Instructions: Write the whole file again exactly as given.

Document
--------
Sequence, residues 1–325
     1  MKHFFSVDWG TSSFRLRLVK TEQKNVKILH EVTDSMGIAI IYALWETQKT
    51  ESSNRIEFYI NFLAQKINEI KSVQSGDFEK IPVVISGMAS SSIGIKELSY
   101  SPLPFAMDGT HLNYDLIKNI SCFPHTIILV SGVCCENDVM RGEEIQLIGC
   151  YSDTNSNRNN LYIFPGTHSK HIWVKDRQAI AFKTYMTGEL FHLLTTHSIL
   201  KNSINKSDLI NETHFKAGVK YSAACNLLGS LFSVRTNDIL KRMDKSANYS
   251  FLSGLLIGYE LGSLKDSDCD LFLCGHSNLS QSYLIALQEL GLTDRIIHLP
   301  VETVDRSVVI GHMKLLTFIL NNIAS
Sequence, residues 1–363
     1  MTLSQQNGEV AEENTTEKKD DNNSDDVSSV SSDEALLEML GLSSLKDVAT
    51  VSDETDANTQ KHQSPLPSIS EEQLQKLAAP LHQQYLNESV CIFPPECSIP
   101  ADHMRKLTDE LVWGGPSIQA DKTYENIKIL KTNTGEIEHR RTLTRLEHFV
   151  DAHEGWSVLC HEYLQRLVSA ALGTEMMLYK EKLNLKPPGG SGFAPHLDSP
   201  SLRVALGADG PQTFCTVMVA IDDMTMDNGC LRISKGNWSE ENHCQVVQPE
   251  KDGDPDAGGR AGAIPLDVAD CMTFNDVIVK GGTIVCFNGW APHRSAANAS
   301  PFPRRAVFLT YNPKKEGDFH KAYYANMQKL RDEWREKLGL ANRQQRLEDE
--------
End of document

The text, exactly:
Sequence, residues 1–325
     1  MKHFFSVDWG TSSFRLRLVK TEQKNVKILH EVTDSMGIAI IYALWETQKT
    51  ESSNRIEFYI NFLAQKINEI KSVQSGDFEK IPVVISGMAS SSIGIKELSY
   101  SPLPFAMDGT HLNYDLIKNI SCFPHTIILV SGVCCENDVM RGEEIQLIGC
   151  YSDTNSNRNN LYIFPGTHSK HIWVKDRQAI AFKTYMTGEL FHLLTTHSIL
   201  KNSINKSDLI NETHFKAGVK YSAACNLLGS LFSVRTNDIL KRMDKSANYS
   251  FLSGLLIGYE LGSLKDSDCD LFLCGHSNLS QSYLIALQEL GLTDRIIHLP
   301  VETVDRSVVI GHMKLLTFIL NNIAS
Sequence, residues 1–363
     1  MTLSQQNGEV AEENTTEKKD DNNSDDVSSV SSDEALLEML GLSSLKDVAT
    51  VSDETDANTQ KHQSPLPSIS EEQLQKLAAP LHQQYLNESV CIFPPECSIP
   101  ADHMRKLTDE LVWGGPSIQA DKTYENIKIL KTNTGEIEHR RTLTRLEHFV
   151  DAHEGWSVLC HEYLQRLVSA ALGTEMMLYK EKLNLKPPGG SGFAPHLDSP
   201  SLRVALGADG PQTFCTVMVA IDDMTMDNGC LRISKGNWSE ENHCQVVQPE
   251  KDGDPDAGGR AGAIPLDVAD CMTFNDVIVK GGTIVCFNGW APHRSAANAS
   301  PFPRRAVFLT YNPKKEGDFH KAYYANMQKL RDEWREKLGL ANRQQRLEDE